Chronological framework

He was in Portugal between ca.1325 and 1345 (only documented between 1334 and 1337)

Geographical Framework

Probably France (?) - Catalonia, Valencia, Castile and Leon, Portugal


Stone carving (limestone and marble):

  • Sculpture in the round.
  • High and low relief.

Profile and historiographical debate

[Meestre pero – mestre dass hijmageenss]

Master Pero (a traditional name in Crown of Aragon) is the sculptor that as master of images is mentioned in two Portuguese documents from the XIVth Century. In addition, he is, among the few documented artists in Portugal, the most paradigmatic example in the introduction of new sculptural elements in the Portuguese milieu. He is also the most studied case among the artists involved in circulation or migration of the artistic agent. He probably came from the old Crown of Aragon. His stylistic features allow relating him from the begining to the workshop that was in charge of the carving of Jaume II of Aragon and Blanca of Anjou’s tombs (GONÇALVES, 1923 and his followers). As it is infered from one of the documents, he was established in Coimbra, probably, under the protection of queen Isabel of Aragon (The Holy Queen), and very close to one of the soft limestone quarries of Coimbra (in Ançã, Outil or Portunhos). In spite of the many works that the Portuguese historiography has attributed to this sculptor, his name is only mentioned in two documents. The first document is a contract for the carving of Gonçalo Pereira’s tomb, who was Braga’s archbishop, and which is dated in 1334. In this document he is mentioned as Master Pero, who was living in Coimbra, as well as another sculptor: Telo Garcia, who lived in Lisbon. The second document, dated in 1337, is a payment bill for the carving of a tomb for the Byzantine princess D. Vataça de Lascaris, who was one of The Holy Queen ladies (Old Cathedral of Coimbra). Most of the scholars consider that Master Pero, individually or being part of a workshop, he had carved for The Holy Queen, -who became his main patron-, her tomb (ca. 1326-1330), and D. Isabel’s tomb (queen’s granddaughter) (ca. 1326), who were both buried in the Convent of Santa Clara la Vieja de Coimbra. He also carved for the queen some altar images, especially, images of the Our lady with the Child, as well as some of his Our ladies of the O. Moreover, it has been attributed to him the fountain of the cloister and some other ornaments of the Convent of Santa Clara de Coimbra (MACEDO and BERNARDO: 2005). Master Pero’s art, in both funerary sculpture and sculpture in the round, was meant to be an innovative and ground-breaking element in local art and they have to be placed in a transitional period in which took place the adaptation of Portuguese sculpture to the foreign models. Those were strongly influenced by French art, specially the sinuous draperies, as well as the faces and gestures of female figures, and even new iconographical themes.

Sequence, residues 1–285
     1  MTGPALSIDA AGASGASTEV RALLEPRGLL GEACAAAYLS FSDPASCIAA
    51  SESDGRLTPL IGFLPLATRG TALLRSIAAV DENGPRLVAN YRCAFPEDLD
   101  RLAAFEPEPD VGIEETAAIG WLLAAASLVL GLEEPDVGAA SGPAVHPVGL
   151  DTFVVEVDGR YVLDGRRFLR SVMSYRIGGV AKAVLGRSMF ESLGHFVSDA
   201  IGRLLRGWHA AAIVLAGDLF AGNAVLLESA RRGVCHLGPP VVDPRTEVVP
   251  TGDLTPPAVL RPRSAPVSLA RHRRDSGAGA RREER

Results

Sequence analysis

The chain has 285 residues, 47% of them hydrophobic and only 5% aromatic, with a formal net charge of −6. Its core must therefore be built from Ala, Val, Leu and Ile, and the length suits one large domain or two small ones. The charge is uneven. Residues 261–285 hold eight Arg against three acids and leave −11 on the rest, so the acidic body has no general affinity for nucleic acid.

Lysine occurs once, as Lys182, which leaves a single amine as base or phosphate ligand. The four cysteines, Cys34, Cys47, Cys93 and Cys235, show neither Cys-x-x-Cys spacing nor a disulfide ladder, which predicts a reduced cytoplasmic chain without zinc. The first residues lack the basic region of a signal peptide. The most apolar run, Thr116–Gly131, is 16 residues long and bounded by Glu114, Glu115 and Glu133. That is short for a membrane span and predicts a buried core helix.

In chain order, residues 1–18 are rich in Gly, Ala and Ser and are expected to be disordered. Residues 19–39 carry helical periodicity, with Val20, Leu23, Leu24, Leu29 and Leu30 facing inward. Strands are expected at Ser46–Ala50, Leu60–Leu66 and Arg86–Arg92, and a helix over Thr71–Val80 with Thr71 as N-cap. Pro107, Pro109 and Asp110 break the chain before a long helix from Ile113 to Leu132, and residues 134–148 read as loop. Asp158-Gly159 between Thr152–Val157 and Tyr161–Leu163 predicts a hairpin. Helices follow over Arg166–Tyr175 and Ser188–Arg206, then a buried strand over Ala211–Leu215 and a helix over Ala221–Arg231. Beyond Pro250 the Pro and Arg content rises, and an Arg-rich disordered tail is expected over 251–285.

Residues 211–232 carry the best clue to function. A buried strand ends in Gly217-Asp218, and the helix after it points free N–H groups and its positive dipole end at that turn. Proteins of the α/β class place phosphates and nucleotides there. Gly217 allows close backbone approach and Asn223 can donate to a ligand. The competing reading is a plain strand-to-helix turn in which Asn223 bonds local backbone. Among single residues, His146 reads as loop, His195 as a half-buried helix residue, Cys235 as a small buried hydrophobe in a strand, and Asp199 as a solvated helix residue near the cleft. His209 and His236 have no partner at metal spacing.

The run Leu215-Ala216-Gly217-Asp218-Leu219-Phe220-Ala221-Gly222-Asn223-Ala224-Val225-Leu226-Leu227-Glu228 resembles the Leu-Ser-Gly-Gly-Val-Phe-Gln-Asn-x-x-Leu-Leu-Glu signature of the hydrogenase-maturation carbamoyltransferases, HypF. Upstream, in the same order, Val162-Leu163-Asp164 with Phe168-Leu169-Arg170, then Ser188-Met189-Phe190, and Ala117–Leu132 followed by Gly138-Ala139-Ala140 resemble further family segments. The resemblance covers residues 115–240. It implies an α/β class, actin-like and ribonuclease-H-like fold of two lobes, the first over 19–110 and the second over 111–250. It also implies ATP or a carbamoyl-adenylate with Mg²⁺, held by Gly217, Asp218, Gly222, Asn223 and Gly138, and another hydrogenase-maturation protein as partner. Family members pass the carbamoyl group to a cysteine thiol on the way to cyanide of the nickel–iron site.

The eventual connection between Master Pero and the workshop that carved the Royal tombs of Jaime II and Blanca of Anjou in Santes Creus is still an open question (FERNANDES: 2000 and 2005). Nowadays, it is known that this Royal Catalan set was made by a very well-documented sculptor whose name is Pere de Bonneuil. Hence the importance of identifying what kind of connection might exist between him and the so-called Master Pero (Master Pere) established in Coimbra. Were they different sculptors that shared the same name and the same work? Was one of them the other one’s disciple? Perhaps, Pere de Bonneuil adopted Pero as name when he crossed the Portuguese border and he started being mentioned as “mestre das imagens” (master of images) and leaded a prolific workshop.

In the last years, through a comparative approach between the Catalan works of the monastery of Santes Creus (tombs and cloister) and the works attributed to Master Pero from the second quarter of the XIVth Century, it is possible to demonstrate some artistic transferences and, as a result of that, a clear derivation of the Master’s works from the “royal workshop” of Santes Creus. (FERNANDES: 2005).

In addition, Agustí Duran and Joan Ainaud (DURAN SANPERE and AINAUD DE LASARTE: 1956) suggested a clue that was recently revisited by Francesca Español (ESPAÑOL: 2002). This clue is based in an image of Our lady that was made for the Convent of La Sierra del Montblanc and attributed to Pere de Bonneuil, and it allows us to connect it with several Portuguese images of Our lady with the Child attributed to Master Pero. The iconography of Our lady of La Sierra del Montblanc is the Virgin being crowned by the Child. This theme which probably derived from French art was introduced in Portugal by Master Pero. He represented this motif in Portugal for the first time in images such as the Virgin of the sepulchre of D. Gonçalo Pereira (documented), the Virgin of the Cathedral of Évora (attributed) and even the Virgin of the Chapel of the Blacksmiths (attributed). These latter are more than a metre high and they wore a very similar costume to that of the Montblanc’s Virgin. All these examples allow us to widen the comparative framework (France-Catalonia-Portugal) showing the existence of artistic transferences, both stylistic and iconographical. It is important to remember that Catalan works of Pere de Bonneuil introduced as well in Catalonia new stylistic models from Parisian workshops. These are mainly the female draperies whose typological models were used in the carving of the images of Our lady with the Child and in the leaning image of Blanca of Anjou. It is also seen in the formal models and the features of the Virgins attributed to Master Pero, today preserved in Portuguese museums and churches.